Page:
Poulter-s-measure meaning

pōltərz
A metrical pattern employing couplets in which the first line is in iambic hexameter and the second is in iambic heptameter.
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A metre with alternate lines of 12 and 14 syllables, because it was said that poulters gave 12 eggs for the first dozen and 14 if you bought a second dozen.

Good ladies, ye that have your pleasure in exile.

Step in your foot, come take a place and mourn with me awhile.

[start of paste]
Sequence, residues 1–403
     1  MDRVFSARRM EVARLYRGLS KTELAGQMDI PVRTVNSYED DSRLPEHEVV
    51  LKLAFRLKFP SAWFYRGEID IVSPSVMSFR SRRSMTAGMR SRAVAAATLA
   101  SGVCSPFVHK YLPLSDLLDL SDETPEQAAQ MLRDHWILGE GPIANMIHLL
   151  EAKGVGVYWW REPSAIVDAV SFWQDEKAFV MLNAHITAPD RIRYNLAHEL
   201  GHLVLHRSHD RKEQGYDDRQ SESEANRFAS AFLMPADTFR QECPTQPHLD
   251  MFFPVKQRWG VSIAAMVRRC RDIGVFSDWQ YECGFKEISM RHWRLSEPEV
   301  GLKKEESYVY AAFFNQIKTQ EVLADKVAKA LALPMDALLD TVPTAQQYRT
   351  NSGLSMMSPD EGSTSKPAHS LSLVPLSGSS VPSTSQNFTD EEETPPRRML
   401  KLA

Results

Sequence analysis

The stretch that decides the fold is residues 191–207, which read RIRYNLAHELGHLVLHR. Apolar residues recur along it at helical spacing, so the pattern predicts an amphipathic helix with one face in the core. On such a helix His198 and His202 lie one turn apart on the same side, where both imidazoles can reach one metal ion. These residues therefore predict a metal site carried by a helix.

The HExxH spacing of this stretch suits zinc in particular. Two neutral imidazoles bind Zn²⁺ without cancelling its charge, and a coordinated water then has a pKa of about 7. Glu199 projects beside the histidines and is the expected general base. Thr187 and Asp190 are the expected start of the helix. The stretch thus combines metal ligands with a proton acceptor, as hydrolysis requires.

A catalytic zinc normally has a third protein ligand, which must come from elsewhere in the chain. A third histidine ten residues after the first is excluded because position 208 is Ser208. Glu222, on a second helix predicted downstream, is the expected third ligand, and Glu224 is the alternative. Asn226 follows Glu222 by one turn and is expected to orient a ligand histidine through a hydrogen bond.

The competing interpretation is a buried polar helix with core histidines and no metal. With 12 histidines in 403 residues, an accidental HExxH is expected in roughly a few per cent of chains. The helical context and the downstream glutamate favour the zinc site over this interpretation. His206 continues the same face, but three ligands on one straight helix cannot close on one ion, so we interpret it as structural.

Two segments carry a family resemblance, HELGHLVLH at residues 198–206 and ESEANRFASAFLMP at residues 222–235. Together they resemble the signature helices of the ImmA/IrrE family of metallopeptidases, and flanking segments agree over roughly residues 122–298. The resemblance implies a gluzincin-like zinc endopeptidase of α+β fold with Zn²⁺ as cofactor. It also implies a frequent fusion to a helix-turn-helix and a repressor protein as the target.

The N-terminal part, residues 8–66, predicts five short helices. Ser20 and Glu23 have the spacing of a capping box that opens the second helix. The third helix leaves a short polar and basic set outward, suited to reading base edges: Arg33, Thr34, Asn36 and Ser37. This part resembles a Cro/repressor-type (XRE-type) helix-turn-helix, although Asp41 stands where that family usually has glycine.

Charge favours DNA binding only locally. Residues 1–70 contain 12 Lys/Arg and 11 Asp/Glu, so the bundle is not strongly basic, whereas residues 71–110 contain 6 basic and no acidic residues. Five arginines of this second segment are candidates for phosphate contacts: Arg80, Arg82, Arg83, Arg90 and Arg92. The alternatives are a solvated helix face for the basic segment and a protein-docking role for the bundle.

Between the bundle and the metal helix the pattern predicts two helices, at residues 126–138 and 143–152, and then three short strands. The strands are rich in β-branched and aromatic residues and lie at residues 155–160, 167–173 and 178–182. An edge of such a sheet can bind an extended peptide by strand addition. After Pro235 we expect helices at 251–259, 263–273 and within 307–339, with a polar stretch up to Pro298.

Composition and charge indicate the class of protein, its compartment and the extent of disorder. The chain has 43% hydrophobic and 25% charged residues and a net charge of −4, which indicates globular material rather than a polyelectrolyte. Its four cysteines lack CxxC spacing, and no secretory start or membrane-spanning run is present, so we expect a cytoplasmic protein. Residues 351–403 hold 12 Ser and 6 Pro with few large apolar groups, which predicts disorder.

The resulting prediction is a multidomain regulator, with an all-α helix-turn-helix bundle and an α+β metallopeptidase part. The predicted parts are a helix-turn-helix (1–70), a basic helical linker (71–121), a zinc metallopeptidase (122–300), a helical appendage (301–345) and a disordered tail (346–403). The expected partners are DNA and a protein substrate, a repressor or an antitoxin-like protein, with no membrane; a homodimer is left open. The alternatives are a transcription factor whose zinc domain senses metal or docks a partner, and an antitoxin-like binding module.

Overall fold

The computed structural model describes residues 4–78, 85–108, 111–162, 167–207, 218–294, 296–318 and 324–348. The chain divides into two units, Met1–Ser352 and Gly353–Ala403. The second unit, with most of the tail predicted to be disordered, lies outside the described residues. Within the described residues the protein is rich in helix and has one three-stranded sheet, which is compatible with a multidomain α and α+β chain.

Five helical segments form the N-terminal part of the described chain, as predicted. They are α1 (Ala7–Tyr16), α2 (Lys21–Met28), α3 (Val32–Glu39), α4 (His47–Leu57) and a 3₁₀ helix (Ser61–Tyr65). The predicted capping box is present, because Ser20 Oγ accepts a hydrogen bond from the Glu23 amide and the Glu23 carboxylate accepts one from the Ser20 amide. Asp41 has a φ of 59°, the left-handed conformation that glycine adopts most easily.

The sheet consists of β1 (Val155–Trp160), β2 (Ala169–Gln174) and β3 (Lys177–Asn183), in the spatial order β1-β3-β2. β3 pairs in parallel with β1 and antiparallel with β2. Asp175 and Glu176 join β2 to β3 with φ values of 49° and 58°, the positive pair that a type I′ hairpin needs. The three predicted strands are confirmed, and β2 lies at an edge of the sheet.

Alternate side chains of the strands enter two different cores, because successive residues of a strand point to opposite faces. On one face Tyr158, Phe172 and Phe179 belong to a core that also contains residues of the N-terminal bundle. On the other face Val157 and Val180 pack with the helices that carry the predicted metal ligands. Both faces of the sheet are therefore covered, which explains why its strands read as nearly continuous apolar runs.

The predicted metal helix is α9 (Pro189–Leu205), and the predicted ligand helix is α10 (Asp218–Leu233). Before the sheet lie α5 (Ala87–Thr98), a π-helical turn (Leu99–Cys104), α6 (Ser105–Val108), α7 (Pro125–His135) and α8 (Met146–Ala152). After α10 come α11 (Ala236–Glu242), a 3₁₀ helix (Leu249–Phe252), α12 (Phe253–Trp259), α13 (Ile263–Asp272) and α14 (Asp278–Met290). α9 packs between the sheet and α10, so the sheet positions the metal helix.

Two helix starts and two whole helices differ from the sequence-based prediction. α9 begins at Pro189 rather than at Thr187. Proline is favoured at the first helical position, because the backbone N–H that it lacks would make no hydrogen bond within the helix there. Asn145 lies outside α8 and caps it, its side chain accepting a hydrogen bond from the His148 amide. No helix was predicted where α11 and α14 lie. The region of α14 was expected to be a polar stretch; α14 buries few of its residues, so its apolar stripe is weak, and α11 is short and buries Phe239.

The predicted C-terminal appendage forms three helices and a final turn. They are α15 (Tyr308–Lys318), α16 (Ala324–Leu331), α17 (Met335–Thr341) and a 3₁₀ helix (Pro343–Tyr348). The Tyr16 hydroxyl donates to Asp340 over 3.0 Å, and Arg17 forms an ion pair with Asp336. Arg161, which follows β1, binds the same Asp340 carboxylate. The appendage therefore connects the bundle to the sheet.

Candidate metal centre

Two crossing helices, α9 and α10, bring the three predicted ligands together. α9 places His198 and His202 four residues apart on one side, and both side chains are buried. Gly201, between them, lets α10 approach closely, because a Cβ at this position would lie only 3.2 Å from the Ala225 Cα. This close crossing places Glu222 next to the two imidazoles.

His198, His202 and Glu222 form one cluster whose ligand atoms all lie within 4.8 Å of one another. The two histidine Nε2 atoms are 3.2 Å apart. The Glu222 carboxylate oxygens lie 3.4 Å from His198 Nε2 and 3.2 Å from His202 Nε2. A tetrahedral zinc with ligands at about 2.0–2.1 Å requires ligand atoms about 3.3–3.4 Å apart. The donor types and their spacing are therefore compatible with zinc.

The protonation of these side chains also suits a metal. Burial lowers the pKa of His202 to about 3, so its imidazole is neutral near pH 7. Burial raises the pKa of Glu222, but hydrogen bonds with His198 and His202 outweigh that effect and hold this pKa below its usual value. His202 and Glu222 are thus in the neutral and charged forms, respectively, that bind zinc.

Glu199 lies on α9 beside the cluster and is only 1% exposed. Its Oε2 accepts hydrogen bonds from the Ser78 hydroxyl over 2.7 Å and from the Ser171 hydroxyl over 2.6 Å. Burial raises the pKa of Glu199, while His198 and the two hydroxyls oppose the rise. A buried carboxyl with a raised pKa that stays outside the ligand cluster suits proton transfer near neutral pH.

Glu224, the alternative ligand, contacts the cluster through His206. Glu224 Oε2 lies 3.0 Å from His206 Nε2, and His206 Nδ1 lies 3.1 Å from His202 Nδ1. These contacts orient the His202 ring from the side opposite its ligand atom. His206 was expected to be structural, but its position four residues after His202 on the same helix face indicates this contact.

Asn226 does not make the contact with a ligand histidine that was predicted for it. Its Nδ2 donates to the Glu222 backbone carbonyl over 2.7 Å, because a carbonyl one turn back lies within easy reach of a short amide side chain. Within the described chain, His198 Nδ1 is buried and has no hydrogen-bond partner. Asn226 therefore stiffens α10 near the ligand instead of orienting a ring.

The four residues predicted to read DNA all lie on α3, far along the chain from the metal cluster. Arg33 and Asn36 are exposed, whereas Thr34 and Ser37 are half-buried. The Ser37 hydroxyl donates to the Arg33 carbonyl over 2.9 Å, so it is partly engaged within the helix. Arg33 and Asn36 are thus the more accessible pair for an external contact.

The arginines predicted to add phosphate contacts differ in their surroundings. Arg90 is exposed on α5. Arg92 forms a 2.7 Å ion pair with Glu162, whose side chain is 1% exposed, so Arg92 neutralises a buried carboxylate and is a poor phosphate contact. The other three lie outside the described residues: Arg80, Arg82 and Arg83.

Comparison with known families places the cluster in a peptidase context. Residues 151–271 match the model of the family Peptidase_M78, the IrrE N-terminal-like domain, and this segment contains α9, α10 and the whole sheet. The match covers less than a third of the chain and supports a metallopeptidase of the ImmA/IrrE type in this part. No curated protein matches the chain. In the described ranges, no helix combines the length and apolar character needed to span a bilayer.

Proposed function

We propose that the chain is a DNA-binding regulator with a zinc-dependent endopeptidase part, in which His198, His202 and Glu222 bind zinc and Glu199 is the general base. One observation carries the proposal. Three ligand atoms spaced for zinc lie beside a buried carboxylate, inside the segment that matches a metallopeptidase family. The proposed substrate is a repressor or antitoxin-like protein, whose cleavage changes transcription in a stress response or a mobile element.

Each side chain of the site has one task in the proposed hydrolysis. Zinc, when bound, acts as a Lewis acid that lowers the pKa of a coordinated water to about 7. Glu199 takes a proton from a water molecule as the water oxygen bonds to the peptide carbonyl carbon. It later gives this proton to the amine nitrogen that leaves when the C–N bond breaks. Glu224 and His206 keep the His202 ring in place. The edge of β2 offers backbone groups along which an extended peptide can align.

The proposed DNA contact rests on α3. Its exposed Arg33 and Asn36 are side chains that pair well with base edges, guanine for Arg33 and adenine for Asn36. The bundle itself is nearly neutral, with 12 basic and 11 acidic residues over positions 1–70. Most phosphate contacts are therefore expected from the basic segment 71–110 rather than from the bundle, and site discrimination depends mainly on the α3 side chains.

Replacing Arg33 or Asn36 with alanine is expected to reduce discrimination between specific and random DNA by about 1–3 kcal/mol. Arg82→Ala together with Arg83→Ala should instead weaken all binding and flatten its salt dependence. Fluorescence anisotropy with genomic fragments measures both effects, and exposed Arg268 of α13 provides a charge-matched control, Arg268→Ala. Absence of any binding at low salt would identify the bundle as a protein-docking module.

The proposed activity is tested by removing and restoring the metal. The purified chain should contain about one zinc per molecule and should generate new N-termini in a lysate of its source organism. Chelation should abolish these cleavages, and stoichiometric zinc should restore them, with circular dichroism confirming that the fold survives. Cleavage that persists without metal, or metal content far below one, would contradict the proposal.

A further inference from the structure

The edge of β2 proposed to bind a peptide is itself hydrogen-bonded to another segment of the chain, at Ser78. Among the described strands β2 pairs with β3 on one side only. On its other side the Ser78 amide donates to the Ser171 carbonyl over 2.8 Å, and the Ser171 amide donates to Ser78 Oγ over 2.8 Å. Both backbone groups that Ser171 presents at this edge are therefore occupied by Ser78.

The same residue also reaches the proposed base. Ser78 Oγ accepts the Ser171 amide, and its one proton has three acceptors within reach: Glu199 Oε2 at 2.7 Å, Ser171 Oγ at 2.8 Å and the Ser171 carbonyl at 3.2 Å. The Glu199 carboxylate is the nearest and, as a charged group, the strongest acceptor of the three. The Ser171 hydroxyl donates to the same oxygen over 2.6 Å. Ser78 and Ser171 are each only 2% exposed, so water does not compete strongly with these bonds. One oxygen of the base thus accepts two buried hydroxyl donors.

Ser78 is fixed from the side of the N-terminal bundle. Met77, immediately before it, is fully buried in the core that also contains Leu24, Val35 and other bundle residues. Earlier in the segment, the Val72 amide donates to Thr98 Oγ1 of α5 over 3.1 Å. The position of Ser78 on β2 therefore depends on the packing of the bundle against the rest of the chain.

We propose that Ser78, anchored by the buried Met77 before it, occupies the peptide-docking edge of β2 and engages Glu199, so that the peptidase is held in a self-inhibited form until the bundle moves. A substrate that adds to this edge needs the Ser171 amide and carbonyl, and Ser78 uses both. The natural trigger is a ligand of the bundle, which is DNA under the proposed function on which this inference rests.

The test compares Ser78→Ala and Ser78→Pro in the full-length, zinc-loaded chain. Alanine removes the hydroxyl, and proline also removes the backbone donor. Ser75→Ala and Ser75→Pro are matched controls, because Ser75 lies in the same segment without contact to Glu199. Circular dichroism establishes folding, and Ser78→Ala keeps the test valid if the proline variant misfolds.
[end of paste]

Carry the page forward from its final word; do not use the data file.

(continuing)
And such as by their lords do set but little price,

Let them sit still, it skills them not what chance come on the dice.

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Origin of poulter-s-measure

  • From obsolete poulter a poultry dealer (from the practice of giving a few extra eggs in the dozen) from Middle English pulter from Old French pouletier poultry

    From American Heritage Dictionary of the English Language, 5th Edition

  • See Coined by George Gascoigne in 1576, See poulter & definition below.

    From Wiktionary